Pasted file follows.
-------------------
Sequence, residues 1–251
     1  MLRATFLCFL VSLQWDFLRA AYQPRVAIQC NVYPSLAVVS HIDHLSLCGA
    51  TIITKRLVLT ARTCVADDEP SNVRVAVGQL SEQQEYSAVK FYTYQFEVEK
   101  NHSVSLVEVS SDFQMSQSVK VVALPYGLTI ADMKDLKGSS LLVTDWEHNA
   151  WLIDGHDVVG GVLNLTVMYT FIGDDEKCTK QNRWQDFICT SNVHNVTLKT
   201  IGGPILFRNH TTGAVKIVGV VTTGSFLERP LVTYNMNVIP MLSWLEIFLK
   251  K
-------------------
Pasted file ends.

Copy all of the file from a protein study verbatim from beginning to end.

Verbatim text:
Sequence, residues 1–251
     1  MLRATFLCFL VSLQWDFLRA AYQPRVAIQC NVYPSLAVVS HIDHLSLCGA
    51  TIITKRLVLT ARTCVADDEP SNVRVAVGQL SEQQEYSAVK FYTYQFEVEK
   101  NHSVSLVEVS SDFQMSQSVK VVALPYGLTI ADMKDLKGSS LLVTDWEHNA
   151  WLIDGHDVVG GVLNLTVMYT FIGDDEKCTK QNRWQDFICT SNVHNVTLKT
   201  IGGPILFRNH TTGAVKIVGV VTTGSFLERP LVTYNMNVIP MLSWLEIFLK
   251  K